Before nefarious plug-ins and Travis Scott conspiratorial plots sent this website tumbling down, I received a request to publish an interview between the legendary Dres of Black Sheep and Marco Polovision. Because A Wolf In Sheep’s Clothing offers most of the secrets to life, saying yes was an obvious decision.
The following is a note from Dres explaining a bit of the context behind the conversation. Admittedly, the questions are slightly dated, considering it starts off talking about Beyonce at the Super Bowl. But the themes touched upon are important and just as relevant now as they were in February. You could say the same for much of Black Sheep’s music. –JW
Marco just reached out and asked if I’d be down to answer a few questions for a series he was doing with different artists… I’ve been busy but wanted to support as I know the grind and am always grateful when someone takes a moment to help me in the like… and honestly thought it was Marco Polo… whose grind I respect… But once I sat down to answer. I found I had the opportunity to say some things I felt weren’t being said and should have been. –Dres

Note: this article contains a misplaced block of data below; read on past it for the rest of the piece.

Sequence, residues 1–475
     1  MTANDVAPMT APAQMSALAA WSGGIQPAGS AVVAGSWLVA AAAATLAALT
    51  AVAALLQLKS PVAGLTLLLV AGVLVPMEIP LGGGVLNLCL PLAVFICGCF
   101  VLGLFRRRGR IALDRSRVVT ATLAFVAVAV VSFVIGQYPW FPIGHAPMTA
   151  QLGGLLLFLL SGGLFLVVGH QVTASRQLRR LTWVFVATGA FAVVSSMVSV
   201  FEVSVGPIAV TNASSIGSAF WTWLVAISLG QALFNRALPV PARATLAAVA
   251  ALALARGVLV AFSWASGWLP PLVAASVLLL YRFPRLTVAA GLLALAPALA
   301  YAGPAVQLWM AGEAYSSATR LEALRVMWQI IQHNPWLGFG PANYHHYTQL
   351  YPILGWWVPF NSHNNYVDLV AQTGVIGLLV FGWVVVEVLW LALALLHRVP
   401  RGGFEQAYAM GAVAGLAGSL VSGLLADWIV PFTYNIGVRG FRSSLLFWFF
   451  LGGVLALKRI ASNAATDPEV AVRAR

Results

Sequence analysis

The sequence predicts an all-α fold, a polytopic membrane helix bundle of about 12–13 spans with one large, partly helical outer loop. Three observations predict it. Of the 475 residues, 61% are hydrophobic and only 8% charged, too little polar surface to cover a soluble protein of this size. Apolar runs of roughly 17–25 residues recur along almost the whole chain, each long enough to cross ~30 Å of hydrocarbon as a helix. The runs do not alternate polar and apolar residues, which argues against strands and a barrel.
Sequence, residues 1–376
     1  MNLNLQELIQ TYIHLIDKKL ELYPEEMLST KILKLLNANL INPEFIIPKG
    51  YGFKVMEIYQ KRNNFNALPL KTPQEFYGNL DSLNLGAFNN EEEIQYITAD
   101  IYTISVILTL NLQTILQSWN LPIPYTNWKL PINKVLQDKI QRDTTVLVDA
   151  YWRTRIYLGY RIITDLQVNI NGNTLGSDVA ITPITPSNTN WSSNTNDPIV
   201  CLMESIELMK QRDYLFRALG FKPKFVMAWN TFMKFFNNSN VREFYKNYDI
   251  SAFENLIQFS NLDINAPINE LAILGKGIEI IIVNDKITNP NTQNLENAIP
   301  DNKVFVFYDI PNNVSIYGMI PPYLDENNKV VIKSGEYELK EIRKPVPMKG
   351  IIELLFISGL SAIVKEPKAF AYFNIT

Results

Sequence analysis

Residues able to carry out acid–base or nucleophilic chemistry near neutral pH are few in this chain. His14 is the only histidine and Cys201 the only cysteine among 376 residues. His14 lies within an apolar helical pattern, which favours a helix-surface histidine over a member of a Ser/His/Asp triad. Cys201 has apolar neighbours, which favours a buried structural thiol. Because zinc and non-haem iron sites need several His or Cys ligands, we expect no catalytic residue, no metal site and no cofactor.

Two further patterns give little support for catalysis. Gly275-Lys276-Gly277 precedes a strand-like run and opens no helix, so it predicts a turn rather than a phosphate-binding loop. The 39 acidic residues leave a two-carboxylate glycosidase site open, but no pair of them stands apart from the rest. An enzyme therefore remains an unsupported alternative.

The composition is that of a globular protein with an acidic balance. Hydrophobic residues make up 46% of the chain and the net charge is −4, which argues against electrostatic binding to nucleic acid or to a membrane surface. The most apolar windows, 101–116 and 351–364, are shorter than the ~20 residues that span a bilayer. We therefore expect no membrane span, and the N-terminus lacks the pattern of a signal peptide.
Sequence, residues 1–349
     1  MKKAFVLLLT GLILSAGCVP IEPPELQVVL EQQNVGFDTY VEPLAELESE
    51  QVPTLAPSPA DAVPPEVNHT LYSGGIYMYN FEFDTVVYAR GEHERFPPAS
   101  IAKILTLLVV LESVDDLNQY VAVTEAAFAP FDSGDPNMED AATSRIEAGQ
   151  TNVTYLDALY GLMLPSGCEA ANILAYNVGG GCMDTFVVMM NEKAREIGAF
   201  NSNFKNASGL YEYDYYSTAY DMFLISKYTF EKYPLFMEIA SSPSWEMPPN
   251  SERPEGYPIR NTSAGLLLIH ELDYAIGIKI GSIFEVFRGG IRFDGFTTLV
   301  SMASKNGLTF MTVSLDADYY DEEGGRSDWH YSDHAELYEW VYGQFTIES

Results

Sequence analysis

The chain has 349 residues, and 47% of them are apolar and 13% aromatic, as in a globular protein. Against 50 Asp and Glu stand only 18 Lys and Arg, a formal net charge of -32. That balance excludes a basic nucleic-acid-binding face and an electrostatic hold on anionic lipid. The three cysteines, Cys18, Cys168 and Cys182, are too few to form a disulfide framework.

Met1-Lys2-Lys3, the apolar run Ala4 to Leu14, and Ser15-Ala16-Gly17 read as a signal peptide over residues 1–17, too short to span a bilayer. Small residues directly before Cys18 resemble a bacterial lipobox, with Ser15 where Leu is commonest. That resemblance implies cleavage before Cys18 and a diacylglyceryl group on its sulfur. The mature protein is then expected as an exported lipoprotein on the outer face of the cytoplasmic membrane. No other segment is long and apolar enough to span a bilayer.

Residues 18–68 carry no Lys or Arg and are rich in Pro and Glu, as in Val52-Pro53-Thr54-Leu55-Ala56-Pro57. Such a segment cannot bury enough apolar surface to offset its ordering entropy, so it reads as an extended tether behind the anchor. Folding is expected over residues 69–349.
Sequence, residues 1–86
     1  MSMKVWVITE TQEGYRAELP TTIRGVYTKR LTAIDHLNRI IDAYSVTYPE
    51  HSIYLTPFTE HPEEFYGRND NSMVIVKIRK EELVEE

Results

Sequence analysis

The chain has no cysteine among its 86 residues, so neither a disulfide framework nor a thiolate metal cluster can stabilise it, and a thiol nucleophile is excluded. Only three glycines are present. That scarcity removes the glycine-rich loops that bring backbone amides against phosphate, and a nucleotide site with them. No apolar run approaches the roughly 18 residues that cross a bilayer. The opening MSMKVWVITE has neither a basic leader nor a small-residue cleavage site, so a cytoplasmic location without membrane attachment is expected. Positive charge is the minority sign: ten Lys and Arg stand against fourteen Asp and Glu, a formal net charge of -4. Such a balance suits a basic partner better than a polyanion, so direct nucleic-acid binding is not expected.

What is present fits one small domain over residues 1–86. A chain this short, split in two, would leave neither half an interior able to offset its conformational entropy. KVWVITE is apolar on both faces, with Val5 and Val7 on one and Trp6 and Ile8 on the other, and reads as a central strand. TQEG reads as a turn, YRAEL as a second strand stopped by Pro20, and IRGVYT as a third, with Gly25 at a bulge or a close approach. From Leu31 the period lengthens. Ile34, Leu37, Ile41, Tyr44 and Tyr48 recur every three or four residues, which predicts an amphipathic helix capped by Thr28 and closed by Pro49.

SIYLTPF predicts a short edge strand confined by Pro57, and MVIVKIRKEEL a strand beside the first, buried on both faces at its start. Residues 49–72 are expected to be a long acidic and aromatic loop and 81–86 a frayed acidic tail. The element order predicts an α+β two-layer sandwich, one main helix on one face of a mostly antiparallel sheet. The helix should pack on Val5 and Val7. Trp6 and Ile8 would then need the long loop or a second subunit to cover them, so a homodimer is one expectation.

What did you think of Beyoncé’s Super Bowl performance?
Dres: I personally enjoyed Beyoncé’s performance…I felt it was full of energy, well coordinated, and entertaining.
What message do you think Beyoncé was trying to convey with the visuals in the “Formation” video?